Oh, and for the loyal readers of this blog who enjoy reading and writing about hip-hop, you might have come across Judge before: he once wrote a hilariously ridiculous review of John McWhorter’s book All About the Beat.

Easter Sunday

Just in time for Easter, one of the holiest days in the Christian calendar, The New York Times has a big story excoriating the anti-welfare push of the 1990s. Today, it seems, millions of people are worse off for it. And most of them are single mothers:

The distress of the last four years has added a cautionary postscript: much as overlooked critics of the restrictions once warned, a program that built its reputation when times were good offered little help when jobs disappeared. Despite the worst economy in decades, the cash welfare rolls have barely budged.

Faced with flat federal financing and rising need, Arizona is one of 16 states that have cut their welfare caseloads further since the start of the recession — in its case, by half. Even as it turned away the needy, Arizona spent most of its federal welfare dollars on other programs, using permissive rules to plug state budget gaps.

The poor people who were dropped from cash assistance here, mostly single mothers, talk with surprising openness about the desperate, and sometimes illegal, ways they make ends meet. They have sold food stamps, sold blood, skipped meals, shoplifted, doubled up with friends, scavenged trash bins for bottles and cans and returned to relationships with violent partners — all with children in tow.

If you can’t reach someone’s mind, you may as well try his heart. But let’s be serious here for a moment. There’s no moving mind or heart when it comes to penetrating the interpretation of a very specific set of Christian teachings. Somehow Christianity has (for millions) become a vehicle for anti-tax and anti-government hysteria, not benevolence and charity. Somehow we’re living in a world where–on Easter Sunday–thousands of ministers and pastors and priests are lacing sermons centered on love and faith with calls for an individualism so liberal that Jesus himself would be baffled, if not horrified. Only love a few of thy neighbors, and never through government largesse.

David Atkins gets to the heart of the matter:

When I encounter fervent believers, I’m not compelled to attempt to disabuse them of their faith. After all, they may be right; I myself am agnostic on the larger question of universal origins; and disabusing people of their faith is both pointless and potentially quite harmful to them. I do, however, want to sit them down and ask them if they’ve actually read their own damn book and thought about what it means they should do… There is no such thing as a worshipper of business and capitalism, and a worshipper of Jesus. They’re diametrically opposed to one another. Why they’re unable to see this is beyond me.

In times like these, one may recall that Ayn Rand herself despised Christianity for its communalistic ethos. Indeed, you’d think that religious Christians would be suspect of men like Paul Ryan, or at least give pause before subscribing to his political economic philosophy, which effectively flies in the face of just about everything Jesus ever preached. So yeah, I’ll bite: perhaps there is a war on religion in this country. But it’s a civil war, if it’s anything at all, and it’s being waged more by believers than secularists.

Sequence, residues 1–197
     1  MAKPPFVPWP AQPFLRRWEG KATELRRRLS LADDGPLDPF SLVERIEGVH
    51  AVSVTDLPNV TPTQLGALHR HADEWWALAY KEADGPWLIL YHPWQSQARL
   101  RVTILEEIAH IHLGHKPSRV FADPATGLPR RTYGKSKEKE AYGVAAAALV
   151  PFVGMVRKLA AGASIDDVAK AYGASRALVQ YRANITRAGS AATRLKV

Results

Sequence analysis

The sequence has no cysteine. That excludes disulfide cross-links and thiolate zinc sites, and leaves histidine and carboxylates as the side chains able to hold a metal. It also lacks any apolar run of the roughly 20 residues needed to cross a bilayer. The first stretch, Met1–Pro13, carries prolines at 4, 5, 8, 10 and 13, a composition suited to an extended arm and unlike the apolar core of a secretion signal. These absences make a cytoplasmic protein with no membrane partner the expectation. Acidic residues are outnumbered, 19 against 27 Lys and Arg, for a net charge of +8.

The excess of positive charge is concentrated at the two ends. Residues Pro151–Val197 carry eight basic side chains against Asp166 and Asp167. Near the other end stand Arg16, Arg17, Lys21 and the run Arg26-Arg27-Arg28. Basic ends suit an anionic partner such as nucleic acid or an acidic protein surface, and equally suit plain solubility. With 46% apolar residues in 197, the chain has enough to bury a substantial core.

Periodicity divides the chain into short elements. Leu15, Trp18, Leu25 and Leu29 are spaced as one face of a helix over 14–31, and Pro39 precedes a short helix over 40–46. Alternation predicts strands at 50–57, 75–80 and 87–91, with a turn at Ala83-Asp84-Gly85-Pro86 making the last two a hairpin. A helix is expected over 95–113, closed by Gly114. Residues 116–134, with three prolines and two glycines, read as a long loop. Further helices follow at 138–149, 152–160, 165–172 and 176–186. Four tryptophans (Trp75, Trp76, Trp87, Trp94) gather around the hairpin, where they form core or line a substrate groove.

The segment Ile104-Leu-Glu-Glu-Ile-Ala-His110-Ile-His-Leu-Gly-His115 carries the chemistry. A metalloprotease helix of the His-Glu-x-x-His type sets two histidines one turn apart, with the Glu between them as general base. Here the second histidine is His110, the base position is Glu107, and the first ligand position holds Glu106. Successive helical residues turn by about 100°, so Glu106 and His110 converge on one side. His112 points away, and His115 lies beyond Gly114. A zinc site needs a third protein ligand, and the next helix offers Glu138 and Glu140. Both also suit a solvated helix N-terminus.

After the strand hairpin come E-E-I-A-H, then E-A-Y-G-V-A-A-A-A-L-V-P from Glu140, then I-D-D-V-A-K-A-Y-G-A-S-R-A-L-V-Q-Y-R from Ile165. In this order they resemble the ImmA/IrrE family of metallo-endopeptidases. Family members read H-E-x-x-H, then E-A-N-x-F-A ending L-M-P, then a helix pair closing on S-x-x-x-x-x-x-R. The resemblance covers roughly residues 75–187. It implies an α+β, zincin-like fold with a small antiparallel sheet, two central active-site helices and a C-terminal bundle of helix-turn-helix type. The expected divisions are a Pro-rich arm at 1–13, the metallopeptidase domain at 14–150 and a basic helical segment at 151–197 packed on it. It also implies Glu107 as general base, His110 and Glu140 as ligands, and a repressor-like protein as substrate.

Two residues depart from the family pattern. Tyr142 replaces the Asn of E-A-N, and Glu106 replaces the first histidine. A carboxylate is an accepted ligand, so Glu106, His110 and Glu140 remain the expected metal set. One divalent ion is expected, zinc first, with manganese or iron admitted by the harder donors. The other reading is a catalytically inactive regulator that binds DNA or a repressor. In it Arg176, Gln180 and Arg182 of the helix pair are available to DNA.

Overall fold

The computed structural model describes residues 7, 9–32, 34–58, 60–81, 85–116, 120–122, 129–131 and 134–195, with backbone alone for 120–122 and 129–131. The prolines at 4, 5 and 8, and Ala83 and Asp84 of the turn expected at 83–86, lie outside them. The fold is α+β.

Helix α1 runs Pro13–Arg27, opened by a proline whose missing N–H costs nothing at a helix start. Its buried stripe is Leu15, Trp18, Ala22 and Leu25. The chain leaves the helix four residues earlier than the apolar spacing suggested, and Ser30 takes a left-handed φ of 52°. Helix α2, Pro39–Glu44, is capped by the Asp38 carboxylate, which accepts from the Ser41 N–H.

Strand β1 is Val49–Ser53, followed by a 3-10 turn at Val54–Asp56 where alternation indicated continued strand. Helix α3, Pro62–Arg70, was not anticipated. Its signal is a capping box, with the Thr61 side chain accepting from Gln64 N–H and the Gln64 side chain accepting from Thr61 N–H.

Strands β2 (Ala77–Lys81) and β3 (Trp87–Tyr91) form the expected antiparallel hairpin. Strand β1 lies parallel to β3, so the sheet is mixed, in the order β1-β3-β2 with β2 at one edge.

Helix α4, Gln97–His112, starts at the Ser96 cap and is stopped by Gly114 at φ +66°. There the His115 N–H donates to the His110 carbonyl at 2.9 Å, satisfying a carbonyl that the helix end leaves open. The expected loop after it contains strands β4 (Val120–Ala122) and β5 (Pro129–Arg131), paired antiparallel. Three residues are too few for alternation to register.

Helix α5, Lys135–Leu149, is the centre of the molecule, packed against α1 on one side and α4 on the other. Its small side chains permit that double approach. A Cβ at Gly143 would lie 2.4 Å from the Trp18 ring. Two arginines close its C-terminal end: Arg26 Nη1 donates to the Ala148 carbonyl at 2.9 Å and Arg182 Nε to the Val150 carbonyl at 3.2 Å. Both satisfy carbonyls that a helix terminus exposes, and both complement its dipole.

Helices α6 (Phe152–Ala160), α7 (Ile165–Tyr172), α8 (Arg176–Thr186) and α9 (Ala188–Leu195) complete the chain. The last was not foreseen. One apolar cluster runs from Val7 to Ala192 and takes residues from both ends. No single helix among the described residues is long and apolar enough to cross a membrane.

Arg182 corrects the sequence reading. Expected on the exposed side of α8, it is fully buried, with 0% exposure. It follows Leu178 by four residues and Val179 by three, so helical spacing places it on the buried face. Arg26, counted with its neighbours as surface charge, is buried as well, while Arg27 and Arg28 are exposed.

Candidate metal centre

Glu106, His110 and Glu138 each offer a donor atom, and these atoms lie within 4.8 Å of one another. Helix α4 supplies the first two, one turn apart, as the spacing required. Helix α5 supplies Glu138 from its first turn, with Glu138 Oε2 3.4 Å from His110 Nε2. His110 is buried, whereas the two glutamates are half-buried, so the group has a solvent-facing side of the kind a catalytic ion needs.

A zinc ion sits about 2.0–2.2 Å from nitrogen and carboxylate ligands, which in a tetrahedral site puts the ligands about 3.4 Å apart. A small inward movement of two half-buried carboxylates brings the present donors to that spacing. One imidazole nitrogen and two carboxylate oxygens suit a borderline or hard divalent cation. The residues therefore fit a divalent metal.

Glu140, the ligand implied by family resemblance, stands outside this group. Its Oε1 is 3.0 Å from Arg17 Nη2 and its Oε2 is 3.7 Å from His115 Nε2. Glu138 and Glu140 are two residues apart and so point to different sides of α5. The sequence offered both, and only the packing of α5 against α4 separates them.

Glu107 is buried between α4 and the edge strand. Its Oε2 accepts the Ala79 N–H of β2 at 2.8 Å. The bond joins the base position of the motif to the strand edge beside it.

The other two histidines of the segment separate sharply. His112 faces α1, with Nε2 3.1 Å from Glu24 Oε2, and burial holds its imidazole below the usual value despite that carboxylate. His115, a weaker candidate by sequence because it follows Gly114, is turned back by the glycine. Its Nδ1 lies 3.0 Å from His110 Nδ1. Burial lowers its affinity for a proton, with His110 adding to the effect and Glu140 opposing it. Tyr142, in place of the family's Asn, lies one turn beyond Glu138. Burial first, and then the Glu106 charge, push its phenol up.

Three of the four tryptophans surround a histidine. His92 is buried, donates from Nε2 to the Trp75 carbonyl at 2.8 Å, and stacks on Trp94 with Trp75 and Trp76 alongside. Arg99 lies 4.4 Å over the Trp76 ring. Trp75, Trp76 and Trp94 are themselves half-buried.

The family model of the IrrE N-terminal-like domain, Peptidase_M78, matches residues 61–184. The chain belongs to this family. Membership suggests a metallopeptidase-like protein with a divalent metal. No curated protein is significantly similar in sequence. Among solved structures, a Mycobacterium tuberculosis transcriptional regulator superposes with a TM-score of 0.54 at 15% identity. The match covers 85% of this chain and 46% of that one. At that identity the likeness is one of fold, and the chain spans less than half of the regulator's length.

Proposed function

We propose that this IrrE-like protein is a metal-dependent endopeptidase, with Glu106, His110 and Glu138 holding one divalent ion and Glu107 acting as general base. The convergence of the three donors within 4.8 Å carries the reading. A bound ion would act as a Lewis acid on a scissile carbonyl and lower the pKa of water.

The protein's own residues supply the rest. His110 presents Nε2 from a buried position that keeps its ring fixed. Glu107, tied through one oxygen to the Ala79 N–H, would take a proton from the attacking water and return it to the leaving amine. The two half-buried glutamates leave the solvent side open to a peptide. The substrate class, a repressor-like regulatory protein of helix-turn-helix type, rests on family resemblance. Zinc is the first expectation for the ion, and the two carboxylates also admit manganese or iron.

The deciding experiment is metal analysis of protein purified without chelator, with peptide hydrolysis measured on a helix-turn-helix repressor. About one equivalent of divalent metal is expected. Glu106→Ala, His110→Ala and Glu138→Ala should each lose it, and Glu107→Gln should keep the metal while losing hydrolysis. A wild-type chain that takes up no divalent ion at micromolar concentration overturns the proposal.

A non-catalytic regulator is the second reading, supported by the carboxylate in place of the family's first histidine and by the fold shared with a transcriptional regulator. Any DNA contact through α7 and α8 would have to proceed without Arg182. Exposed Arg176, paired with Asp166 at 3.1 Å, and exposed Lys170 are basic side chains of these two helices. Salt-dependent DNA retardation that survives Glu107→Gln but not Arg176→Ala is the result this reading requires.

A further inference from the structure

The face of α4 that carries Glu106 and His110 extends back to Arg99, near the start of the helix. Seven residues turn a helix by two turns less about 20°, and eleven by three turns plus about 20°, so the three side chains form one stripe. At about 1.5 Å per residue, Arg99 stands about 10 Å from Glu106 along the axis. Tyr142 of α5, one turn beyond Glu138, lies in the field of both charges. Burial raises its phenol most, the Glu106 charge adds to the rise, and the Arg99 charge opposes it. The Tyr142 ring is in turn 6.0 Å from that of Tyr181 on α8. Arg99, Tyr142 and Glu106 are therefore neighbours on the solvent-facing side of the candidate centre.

How Do You Like Them Apples?

Andrew Delbanco had a well-meaning but probably pointless opinion piece in the New York Times last month.

Noting Rick Santorum’s recent characterization of higher education as snotty and liberal, Delbanco pleads sort of a little bit guilty, maybe. He acknowledges the growing economic stratification between the higher-educated and the non-higher-educated and admits that it is fair to accuse the academic industry of certain kinds of elitism. Then he talks about the protestant origins of the university, the long-forgotten value of humility, etc., etc., etc., and finally offers:

Perhaps if our leading colleges encouraged more humility and less hubris, college-bashing would go out of style and we could get on with the urgent business of providing the best education for as many Americans as possible.

Sure. No one’s going to argue that Ivy-League hubris is a good thing, and no one is going to object to just a little less arrogance amongst the recently B.A.’d. But perhaps if we didn’t grant that this is a matter of attitude and values, and insisted instead that this is in fact a matter of public policy, we wouldn’t have to deal with this culture-war nonsense at all. Continue reading

The Central Problem

Proponents of the individual mandate did not have, it would seem, a good week. But let’s leave aside for a moment the imminent demise of the ACA and Obama’s signal (and deeply capitalistic) accomplishment. I want to talk about something else. How alleged centrists like David Brooks are responding to the hearings is very telling; it betrays the big difference between conservatives and liberals, insofar as the last three years have played out. Jon Chait, having read the aforementioned Brooks column, (re)makes an excellent point:

Conservatives are committed to the free market as a value system in a way liberals are not committed to government. Conservatives see small government as an end in and of itself (it inherently promotes freedom) while liberals generally support government only if they believe it to provide concrete benefits. I argued that a lot of conservative reasoning on economics is backward reasoning, beginning with the assumption that markets are correct and then working to fill in the details.

Continue reading